Questions about the Nikon D3000 and versatility

Discussion in 'Photography Beginners' Forum' started by Chipotles088, Jul 12, 2010.

  1. Chipotles088

    Chipotles088 TPF Noob!

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    Hi, I've been looking at the Nikon D3000 (and D5000) lately, but I was wondering how limiting I might find these cameras next to more "advanced" ones like the D90.

    I know the D3000 is geared more towards entry-level photographers for its ease of use, but will it become more and more restricting with the greater experience the user gains? Or would one find that it has all the same functionality and versatility as the higher-level DSLRs, once they learn how to use it?

    If not, what's missing? What would, say, the D90 or D300 provide that this one couldn't?

    I'm sure the D3000 is a great camera for a beginning DSLR user, but I'm wondering how quickly one might out-grow it and get that itch for a camera with more bang.

    Any thoughts?

    I'm also wondering if anyone has any thoughts on the D3000's menu system, and lack of control points outside the rear of the camera. Is it relatively easy to control camera settings - even in full manual mode - in this manner? Or does it prove to be slow and cumbersome work? Any comments would be greatly appreciated!
     
  2. freeze3kgt

    freeze3kgt TPF Noob!

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    I am not an expert ,but to me the biggest differences that I've noticed between the d40 and a d90 are the low light performances and the image quality for snap shots.

    you can get great images from any camera if you take the time to get the light and exposure correct, but the usable ISO range seems to be better on the higher end cameras compared to the the entry level cameras

    the entry level cameras are super easy to use right out of the box i think, but after playing with any camera and reading the manual it all will come to you pretty quickly

    i'd say if you think you will really enjoy it get the best you can afford, but i think many people would disagree with me on that point :D
     
  3. Big Mike

    Big Mike I am Big, I am Mike Staff Member Supporting Member

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    It should certainly be pointed out that the entry level Nikon DSLR cameras like those mentioned, lack the internal AF motor of the higher bodies like the D90 etc. This means that only some Nikkor lenses will be able to auto focus with the entry level bodies.
    While this may not be an issue for everyone, it might be for you.
     
  4. Seekwence

    Seekwence TPF Noob!

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    I have the d3000 as my first foray into the DSLR. I've had it for about 8 months and have to say that I am very happy with it still. The ISO performance under low-lighting is less than ideal, as Freeze stated. The LCD screen is 3", but is not particularly sharp. There is a Fn button that can be programmed for various settings.

    Overall, it's a great camera for the price, and while I have already started to see some of the weak points, I have not regretted the purchase and hope to get another year or two with it before I feel the need to "upgrade" the body.
     
  5. Chipotles088

    Chipotles088 TPF Noob!

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    Glad you're enjoying it!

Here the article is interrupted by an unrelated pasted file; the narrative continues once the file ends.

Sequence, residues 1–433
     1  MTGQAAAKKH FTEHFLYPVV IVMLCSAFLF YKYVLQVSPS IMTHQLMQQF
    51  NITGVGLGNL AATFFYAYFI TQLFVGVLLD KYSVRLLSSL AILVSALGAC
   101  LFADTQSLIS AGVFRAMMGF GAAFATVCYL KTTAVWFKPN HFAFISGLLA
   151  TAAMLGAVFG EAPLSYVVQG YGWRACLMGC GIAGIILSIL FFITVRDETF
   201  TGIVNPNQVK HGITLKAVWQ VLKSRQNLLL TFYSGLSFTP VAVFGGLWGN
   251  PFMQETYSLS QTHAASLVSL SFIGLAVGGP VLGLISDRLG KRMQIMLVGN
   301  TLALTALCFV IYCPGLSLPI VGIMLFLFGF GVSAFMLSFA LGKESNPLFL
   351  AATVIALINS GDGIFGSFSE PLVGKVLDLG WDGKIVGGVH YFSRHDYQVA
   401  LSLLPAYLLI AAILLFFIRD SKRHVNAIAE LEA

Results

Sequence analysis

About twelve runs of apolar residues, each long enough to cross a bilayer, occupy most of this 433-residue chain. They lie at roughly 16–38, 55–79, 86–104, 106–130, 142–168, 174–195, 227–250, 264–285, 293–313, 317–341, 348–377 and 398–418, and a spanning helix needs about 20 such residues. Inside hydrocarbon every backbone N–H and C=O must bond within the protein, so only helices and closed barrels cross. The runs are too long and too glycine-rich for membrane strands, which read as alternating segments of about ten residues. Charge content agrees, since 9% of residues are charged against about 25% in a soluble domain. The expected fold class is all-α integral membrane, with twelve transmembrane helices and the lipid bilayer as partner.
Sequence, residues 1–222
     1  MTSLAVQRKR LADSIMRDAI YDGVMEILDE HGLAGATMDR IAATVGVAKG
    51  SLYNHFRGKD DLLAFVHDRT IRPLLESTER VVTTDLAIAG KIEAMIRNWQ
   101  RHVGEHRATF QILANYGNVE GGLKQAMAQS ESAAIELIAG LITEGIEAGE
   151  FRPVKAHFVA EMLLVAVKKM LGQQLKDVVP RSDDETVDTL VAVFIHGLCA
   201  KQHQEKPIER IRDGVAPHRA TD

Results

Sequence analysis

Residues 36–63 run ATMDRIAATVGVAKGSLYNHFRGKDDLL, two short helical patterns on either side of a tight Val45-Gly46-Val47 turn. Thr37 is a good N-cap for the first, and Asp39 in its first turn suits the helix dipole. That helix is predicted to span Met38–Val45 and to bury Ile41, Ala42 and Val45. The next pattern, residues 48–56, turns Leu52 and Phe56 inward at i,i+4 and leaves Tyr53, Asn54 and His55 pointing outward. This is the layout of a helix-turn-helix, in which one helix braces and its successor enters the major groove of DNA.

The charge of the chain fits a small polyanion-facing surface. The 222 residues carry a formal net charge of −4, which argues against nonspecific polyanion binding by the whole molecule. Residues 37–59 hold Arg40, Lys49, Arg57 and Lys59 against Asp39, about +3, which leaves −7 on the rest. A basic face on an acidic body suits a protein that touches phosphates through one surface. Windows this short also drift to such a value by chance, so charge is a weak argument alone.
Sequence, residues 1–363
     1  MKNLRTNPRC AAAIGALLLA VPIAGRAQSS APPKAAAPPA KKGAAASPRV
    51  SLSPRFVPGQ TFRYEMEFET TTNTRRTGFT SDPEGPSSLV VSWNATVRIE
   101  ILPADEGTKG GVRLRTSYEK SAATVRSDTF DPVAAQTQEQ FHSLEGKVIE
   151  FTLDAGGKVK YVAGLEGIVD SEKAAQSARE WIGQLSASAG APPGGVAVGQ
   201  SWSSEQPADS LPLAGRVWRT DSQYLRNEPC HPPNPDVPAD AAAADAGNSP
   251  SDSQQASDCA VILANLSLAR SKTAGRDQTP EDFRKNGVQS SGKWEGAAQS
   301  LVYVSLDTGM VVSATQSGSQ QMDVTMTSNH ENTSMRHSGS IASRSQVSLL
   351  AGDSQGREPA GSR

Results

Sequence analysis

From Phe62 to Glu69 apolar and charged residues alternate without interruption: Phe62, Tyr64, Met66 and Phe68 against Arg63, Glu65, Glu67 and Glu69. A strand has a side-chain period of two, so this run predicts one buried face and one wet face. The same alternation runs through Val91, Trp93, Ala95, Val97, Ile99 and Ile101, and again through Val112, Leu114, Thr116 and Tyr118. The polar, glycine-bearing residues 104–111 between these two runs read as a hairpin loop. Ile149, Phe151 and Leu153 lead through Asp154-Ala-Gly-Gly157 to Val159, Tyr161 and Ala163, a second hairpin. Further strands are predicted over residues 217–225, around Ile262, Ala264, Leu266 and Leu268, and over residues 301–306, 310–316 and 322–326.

Care to elaborate on those a little, though?
     
  6. KmH

    KmH Helping photographers learn to fish Supporting Member

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    I had a D60 and had no problems with the menu driven system.


    Nikon's current entry-level lineup is the D40/D3000/D5000/D90. Only the D90 has a focus motor in the body. All of these cameras have:
    • plastic bodies
    • APS-C size image sensors
    • 1/4000 minimum shutter speed
    • few if any external controls
    • lots of auto shooting modes for beginners and the P&S crowd.
    • only 12-bit lossy RAW
    • and use SD or SDHC memory cards.
    Except the D40, they all have the 11 auto focus points that come with Nikon's Multi-CAM1000 auto focus module (one cross-type point (center))

    The D40 and D3000 use CCD image sensors while the D5000 and D90 have CMOS image sensors that offer improved image quality and ISO performance. The D5000 and the D90 can shoot video.

    The next level is Nikon's prosumer cameras the D300s and D700. Both use CF memory cards and have virtually the same array of external controls. The D700 has a full frame sensor while the D300s has an APS-C size sensor.

    The D300s has Nikon's Multi-CAM3500DX auto focus module which has 51 auto focus points, 15 of them cross-type focus points. The D700 has the same Multi-CAM AF module with both the DX and the full frame FX capability.

    The D300s has 2 memory card slots: 1 for an SDHC card and the other for CF memory cards.




    Both the D300s and the D700 offer RAW bit depths of both 12-bits and 14-bits and a range of compression options:
    • Lossy, compressed Raw.
    • Lossless compressed Raw.
    • Or uncompressed.
    The D300s also offers HD video.
     
    Last edited: Jul 12, 2010
  7. Seekwence

    Seekwence TPF Noob!

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    -Poor ISO results in low light
    -no internal AF motor (only able to autofocus with AF-S lenses)
    -no video or live view(compared to d5000)
    -CCD sensor (arguably not as great at CMOS)
    -LCD is not sharp (lots of pics look bad on the screen, but are actually decent when viewed on computer)
    -slow processing speed when using active ADR

    Just a few that come to mind. Still, I do like the camera and it has worked well for my basic needs so far.
     

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